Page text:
Current research suggests that stress may activate immune cells in your skin, resulting in inflammatory skin disease.
Skin provides the first level of defence to infection, serving not only as a physical barrier, but also as a site for white blood cells to attack invading bacteria and viruses. The immune cells in skin can over-react, however, resulting in inflammatory skin diseases such as atopic dermatitis and psoriasis.
Stress can trigger an outbreak in patients suffering from inflammatory skin conditions. This cross talk between stress perception, which involves the brain, and the skin is mediated the through the "brain-skin connection". Yet, little is know about the means by which stress aggravates skin diseases.
How the study was doneDr Arck's group found that this stress challenge resulted in higher numbers of mature white blood cells in the skin. Furthermore, blocking the function of two proteins that attract immune cells to the skin, LFA-1 and ICAM-1, prevented the stress-induced increase in white blood cells in the skin.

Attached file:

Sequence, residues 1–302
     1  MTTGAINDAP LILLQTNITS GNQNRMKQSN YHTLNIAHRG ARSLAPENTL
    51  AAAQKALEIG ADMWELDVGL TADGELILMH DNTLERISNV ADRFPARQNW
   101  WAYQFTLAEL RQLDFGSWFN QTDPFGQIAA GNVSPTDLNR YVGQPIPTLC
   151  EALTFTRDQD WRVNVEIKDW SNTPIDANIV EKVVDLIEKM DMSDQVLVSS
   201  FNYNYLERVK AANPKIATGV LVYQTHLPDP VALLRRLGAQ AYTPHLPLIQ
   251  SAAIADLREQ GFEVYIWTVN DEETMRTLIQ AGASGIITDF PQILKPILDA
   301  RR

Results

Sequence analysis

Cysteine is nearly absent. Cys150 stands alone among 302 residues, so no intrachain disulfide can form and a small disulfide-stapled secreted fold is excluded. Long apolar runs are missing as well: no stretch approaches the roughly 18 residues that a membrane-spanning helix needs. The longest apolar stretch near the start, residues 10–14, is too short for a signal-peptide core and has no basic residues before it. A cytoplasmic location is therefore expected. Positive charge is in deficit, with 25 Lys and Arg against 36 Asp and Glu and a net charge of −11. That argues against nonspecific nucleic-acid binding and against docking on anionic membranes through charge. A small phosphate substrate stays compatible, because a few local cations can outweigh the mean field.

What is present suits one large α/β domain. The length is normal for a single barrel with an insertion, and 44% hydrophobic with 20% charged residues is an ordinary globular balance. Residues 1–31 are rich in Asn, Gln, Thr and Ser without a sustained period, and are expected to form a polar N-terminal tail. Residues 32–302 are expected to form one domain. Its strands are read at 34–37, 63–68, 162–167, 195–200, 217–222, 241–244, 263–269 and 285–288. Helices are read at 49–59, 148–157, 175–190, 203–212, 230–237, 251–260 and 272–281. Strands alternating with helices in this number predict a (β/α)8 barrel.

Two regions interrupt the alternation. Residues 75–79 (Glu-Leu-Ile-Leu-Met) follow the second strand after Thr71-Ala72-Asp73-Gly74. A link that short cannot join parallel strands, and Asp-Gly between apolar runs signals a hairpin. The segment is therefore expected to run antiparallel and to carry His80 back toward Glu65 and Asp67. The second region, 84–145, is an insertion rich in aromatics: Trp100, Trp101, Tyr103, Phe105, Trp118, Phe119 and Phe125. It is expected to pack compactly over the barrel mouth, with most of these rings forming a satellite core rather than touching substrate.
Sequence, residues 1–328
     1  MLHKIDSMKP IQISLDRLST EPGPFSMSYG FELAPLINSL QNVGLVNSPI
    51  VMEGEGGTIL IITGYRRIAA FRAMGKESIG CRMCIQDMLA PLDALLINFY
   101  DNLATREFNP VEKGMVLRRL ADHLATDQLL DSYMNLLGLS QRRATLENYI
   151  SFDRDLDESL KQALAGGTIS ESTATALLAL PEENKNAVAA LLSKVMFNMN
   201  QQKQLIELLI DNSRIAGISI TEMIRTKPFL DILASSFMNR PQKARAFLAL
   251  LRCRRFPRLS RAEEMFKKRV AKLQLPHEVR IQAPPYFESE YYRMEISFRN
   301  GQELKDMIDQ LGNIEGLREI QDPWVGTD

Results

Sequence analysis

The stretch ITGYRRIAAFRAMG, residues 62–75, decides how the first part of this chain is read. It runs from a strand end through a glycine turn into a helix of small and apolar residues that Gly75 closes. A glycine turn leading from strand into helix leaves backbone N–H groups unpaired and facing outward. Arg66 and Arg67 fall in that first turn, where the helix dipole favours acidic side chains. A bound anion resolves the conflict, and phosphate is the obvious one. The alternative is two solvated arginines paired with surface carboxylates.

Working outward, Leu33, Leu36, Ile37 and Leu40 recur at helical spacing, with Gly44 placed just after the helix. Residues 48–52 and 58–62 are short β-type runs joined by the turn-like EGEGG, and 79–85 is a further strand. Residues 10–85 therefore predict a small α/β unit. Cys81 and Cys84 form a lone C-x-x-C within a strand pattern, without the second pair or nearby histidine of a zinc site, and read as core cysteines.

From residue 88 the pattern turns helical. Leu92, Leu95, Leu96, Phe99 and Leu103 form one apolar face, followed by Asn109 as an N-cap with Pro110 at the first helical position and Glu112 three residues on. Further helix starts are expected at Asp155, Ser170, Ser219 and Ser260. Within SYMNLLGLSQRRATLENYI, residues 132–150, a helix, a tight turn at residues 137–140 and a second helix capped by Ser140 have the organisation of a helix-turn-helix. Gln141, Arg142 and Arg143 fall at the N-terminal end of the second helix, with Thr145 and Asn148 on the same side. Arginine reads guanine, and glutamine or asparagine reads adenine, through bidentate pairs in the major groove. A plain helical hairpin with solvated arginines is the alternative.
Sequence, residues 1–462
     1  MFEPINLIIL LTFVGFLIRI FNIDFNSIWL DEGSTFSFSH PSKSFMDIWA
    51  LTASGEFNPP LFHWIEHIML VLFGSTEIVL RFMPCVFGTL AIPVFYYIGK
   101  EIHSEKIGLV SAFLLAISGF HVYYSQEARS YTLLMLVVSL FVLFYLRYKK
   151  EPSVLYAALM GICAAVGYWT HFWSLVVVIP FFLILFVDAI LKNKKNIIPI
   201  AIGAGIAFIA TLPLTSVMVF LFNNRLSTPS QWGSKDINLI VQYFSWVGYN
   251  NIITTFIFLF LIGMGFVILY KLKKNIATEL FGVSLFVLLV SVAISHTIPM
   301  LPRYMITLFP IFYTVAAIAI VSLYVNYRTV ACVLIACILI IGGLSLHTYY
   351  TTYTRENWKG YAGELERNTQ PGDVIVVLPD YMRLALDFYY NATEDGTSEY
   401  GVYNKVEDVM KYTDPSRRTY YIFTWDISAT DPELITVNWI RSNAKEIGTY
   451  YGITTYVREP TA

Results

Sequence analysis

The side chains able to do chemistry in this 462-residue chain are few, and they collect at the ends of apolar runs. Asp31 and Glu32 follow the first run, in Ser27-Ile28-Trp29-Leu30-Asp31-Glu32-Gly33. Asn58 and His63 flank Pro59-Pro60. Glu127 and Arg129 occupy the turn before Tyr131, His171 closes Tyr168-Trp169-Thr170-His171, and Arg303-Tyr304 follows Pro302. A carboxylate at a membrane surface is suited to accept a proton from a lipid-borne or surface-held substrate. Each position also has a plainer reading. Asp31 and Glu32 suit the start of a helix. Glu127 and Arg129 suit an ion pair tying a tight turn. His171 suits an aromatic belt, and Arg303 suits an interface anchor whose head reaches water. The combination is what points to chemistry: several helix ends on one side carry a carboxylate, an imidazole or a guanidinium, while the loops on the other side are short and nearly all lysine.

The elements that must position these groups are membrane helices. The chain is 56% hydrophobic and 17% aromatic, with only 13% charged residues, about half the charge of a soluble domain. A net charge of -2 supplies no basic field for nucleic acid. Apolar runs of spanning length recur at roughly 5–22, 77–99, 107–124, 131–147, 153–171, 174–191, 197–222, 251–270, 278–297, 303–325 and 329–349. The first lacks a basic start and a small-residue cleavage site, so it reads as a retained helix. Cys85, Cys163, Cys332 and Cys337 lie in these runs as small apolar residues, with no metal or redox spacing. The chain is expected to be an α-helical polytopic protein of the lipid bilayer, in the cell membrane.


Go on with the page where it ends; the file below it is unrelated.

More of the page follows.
Researchers lead by Dr Petra Arck of Charité, University of Medicine Berlin and McMaster University in Canada, hypothesised that stress could exacerbate skin disease by increasing the number of immune cells in the skin. To test this hypothesis, they exposed mice to sound stress.
Taken together, these data suggest that stress activates immune cells, which in turn are central in initiating and perpetuating skin diseases. Fostered by the present observation, the goal of future studies in Dr Arck's group is to prevent stress-triggered outbreaks of skin diseases by recognizing individuals at risk and identifying immune cells suitable to be targeted in therapeutic interventions.
The related report by Joachim et al appears in the November issue of The American Journal of Pathology. – (EurekAlert, October 2008)
More SA workers sick with stress
Husbands help beat work stress